A Question of Membership

Sherry Chayat Roshi, who identifies as both Jewish and as a Buddhist leader, asks Rabbi Sheldon Ezring if she and her family can become members at Syracuse’s historic Temple Concord.

Case Excerpt

The full case is comprised of an (A) Case, a (B) Case, and a (C) Case.

Looking back, Rabbi Sheldon Ezring remembered few details about his meeting with Sherry Chayat to discuss her family becoming members at Temple Concord. While today Chayat often wears the robes and shaven head of a Buddhist monk, at the time, there were few outward signs that she practiced Buddhism, or that she was a priest. Ezring recalled, “She was a very nice, normal Jewish lady.”[1] As Chayat sat in Ezring’s office at Temple Concord, an historic Reform synagogue in Syracuse, New York, she approached the issue directly: she was a member at the local Conservative synagogue but wanted to join Temple Concord to enroll her son in the religious school and begin preparing for his Bar Mitzvah. Born Jewish, Chayat was also ordained in the Rinzai Zen Buddhist tradition; her husband, who converted to Judaism as a teenager, felt that his own Tibetan Buddhist practices enhanced his Judaism. Chayat recently attended a Bar Mitzvah at Temple Concord and felt that this community would be a more compatible place for her family.  Rabbi Ezring listened intently as Chayat spoke but knew that this was a question he could not answer right away.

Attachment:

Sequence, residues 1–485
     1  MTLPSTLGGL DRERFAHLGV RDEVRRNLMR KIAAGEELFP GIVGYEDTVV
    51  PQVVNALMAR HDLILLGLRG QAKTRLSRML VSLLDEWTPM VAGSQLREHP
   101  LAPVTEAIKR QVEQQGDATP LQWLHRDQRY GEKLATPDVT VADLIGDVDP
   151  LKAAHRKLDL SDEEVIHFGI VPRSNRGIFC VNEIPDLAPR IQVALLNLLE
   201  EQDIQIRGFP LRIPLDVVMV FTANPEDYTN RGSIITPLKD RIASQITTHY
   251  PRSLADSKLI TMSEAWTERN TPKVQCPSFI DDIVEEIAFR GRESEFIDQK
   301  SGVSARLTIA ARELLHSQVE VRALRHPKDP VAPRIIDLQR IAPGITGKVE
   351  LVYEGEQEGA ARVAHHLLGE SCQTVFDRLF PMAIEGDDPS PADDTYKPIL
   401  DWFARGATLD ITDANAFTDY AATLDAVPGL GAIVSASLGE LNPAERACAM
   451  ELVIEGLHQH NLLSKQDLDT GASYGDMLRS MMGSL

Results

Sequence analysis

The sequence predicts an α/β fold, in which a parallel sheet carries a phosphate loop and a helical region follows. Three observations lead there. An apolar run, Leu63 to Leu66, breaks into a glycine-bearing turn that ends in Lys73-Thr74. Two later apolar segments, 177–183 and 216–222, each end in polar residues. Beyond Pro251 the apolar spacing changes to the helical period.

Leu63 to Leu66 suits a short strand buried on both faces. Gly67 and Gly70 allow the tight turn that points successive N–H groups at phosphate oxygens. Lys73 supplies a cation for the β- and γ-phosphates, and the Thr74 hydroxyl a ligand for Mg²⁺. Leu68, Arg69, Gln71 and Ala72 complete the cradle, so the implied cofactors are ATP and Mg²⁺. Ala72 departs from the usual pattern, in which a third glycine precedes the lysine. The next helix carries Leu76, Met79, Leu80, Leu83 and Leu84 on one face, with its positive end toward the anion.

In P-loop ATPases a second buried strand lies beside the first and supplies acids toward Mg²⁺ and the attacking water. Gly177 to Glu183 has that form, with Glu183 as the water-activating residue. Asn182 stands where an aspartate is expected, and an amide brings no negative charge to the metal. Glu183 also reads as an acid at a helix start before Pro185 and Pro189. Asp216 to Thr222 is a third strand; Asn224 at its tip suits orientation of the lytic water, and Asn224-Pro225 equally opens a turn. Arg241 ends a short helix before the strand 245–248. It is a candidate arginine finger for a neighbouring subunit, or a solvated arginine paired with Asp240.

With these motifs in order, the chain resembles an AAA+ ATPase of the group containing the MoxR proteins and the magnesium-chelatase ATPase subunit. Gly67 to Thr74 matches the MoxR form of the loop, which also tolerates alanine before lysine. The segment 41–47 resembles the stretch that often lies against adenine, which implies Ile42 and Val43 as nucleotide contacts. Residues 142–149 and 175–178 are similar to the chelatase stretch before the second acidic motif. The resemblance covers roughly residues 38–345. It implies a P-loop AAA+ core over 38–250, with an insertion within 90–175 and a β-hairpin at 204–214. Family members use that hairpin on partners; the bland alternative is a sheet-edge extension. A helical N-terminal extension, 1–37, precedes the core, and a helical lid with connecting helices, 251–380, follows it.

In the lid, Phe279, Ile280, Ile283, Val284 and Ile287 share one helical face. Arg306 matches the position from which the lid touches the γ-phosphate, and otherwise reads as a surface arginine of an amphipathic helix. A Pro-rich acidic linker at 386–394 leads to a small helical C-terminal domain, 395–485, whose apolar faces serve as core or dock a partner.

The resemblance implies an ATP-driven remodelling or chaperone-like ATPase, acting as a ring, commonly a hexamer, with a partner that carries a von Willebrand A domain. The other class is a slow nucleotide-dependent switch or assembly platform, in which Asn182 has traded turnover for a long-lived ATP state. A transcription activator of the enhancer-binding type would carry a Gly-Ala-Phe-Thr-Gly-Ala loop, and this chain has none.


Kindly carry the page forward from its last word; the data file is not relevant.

Discussion Questions

1. As Rabbi Ezring considers Sherry Chayat’s request for her family to join Temple Concord, what sources might he consult? What additional information, if any, does he need? Where might he find this information?

2. Do you think this would be an issue if Sherry Chayat was not a leader of another religious community, but merely a member? Why or why not? Are there different considerations for each of the family members?

3. What are the risks of accepting Sherry Chayat’s request for her family to join Temple Concord? What are the risks of rejecting them?

4. Beyond membership at religious institutions, what are some of the challenges of “being both” for interfaith families?



Expand for Citation

[1] All quotes from Rabbi Sheldon Ezring: Rabbi Sheldon Ezring, phone interviews by Emily Sigalow, August 24, 2012 and September 12, 2013.